For an “as-of-right” plaza produced in the late 1960s, this space has enjoyed a surprising amount of activity. The plaza occupies Broadway and Seventh Avenue sides of this full-block office building between West 39th and 40th Streets. In June, 1998, after a fashion industry building tenant received permission from the City to install temporary seating, tree planters, and mobile exhibits celebrating 100 years of fashion on the Broadway side, the space burst alive for the summer. Transitory structures and activities can quickly and inexpensively animate a space for an owner not yet ready to make major upgrades of an existing “as-of-right” plaza. An information kiosk for the fashion industry now occupies the northeast corner of Seventh Avenue and West 39th Street.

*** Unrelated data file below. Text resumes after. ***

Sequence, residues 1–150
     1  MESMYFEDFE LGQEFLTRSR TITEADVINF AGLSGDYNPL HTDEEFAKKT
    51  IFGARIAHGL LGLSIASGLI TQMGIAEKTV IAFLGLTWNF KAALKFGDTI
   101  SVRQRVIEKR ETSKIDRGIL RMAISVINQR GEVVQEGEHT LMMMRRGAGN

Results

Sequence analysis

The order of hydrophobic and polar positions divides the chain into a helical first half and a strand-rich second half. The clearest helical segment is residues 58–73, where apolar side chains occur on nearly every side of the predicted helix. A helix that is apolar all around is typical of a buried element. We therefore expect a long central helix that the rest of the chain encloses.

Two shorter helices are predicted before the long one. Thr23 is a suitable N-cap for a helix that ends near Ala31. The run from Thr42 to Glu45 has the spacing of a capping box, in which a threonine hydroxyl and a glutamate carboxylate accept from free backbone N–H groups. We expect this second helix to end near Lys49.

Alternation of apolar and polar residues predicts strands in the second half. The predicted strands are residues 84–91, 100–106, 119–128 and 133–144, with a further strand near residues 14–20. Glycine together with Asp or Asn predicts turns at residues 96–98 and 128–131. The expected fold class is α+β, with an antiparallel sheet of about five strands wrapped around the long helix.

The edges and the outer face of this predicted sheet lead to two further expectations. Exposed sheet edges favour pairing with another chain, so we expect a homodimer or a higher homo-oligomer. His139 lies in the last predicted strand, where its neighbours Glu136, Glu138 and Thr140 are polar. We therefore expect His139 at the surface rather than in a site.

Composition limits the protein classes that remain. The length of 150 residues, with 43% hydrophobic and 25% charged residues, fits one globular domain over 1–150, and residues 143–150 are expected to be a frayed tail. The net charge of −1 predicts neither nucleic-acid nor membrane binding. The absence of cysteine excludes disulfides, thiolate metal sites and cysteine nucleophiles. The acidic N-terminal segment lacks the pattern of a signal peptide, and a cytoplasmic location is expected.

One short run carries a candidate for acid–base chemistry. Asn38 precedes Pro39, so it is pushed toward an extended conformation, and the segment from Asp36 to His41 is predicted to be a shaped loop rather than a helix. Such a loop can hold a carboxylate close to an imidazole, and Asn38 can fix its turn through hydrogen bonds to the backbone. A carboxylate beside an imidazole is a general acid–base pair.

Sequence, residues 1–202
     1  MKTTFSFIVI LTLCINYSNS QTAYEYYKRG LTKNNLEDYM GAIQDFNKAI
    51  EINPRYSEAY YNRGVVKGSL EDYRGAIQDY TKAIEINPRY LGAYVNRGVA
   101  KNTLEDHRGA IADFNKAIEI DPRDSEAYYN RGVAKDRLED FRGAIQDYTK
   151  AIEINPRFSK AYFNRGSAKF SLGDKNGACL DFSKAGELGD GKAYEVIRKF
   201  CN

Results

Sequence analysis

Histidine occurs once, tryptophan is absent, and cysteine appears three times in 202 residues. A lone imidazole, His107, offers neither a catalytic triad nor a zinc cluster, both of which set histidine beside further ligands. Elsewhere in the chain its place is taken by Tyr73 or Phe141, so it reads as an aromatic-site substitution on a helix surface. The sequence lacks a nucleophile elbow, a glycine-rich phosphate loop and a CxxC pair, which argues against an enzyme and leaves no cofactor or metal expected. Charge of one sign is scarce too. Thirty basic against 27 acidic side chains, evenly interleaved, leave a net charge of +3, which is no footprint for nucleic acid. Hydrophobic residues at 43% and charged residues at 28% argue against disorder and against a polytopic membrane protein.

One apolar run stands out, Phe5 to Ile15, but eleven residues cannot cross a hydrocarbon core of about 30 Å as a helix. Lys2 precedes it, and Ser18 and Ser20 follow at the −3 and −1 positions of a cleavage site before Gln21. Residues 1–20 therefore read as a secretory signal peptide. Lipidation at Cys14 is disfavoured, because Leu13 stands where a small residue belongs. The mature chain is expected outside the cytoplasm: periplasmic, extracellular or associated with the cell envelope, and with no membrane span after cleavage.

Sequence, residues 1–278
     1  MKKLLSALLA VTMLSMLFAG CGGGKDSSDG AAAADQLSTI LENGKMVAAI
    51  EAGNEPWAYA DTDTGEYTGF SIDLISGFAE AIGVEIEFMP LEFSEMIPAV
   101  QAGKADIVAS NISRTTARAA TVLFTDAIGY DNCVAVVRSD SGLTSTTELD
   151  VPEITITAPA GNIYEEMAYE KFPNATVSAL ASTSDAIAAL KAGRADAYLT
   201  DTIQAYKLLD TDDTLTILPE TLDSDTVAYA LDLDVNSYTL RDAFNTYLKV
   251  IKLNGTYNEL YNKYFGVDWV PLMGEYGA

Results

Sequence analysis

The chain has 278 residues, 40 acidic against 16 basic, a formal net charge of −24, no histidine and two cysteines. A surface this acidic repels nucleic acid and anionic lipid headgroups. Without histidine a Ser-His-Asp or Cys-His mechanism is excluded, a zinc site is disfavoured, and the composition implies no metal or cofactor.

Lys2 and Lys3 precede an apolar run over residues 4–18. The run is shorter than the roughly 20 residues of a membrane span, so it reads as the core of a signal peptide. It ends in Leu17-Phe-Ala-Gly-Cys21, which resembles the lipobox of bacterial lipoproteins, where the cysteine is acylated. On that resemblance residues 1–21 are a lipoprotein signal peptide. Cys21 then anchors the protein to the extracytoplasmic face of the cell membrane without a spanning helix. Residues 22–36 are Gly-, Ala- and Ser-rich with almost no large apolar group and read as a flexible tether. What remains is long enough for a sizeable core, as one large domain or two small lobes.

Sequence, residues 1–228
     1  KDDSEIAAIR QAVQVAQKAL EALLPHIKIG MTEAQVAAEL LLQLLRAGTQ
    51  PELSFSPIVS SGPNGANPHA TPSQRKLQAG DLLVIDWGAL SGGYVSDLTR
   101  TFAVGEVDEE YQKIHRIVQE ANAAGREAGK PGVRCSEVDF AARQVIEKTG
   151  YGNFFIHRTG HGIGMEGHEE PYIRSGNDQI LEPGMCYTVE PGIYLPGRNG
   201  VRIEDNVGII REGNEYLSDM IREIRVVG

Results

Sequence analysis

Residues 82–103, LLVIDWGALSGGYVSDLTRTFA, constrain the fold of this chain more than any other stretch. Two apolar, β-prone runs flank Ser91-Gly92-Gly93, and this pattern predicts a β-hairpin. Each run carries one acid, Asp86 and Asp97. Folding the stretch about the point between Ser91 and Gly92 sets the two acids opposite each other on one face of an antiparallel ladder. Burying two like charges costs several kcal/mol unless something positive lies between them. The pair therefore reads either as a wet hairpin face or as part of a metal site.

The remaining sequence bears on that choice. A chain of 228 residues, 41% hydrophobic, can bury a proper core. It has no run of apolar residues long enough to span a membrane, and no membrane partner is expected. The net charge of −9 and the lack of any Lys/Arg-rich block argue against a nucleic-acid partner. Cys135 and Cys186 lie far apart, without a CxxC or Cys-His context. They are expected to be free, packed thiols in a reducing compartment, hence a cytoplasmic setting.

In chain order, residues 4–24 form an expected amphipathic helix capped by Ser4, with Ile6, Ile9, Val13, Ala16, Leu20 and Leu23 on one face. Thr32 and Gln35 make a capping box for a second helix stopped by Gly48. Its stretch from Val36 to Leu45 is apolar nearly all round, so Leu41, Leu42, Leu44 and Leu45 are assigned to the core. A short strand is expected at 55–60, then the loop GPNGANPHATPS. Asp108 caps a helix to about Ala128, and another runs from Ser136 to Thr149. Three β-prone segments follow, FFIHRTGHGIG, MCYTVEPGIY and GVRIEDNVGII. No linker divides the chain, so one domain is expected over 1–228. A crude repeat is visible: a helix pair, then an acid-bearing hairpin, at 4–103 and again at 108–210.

The plaza also features two sculptures, one industry-related and one not. In the Broadway plaza area on a small platform is a bronze bust of Golda Meir, by Beatrice Goldfine. The Seventh Avenue plaza space displays a life-sized bronze sculpture, entitled The Garment Worker (1984), by Judith Weiler, depicting a man at a sewing machine representing the first immigrants who came to New York and provided cheap labor for the manufacture of clothing. The sculpture was a gift from the sculptor, members of the International Ladies Garment Workers Union, and private designers and manufacturers. A recent site visit revealed that a small café on Seventh Avenue near West 39th Street had placed its tables and chairs on the plaza. No record of City approval for this use has been found. The arcade is located on the Broadway side of the building.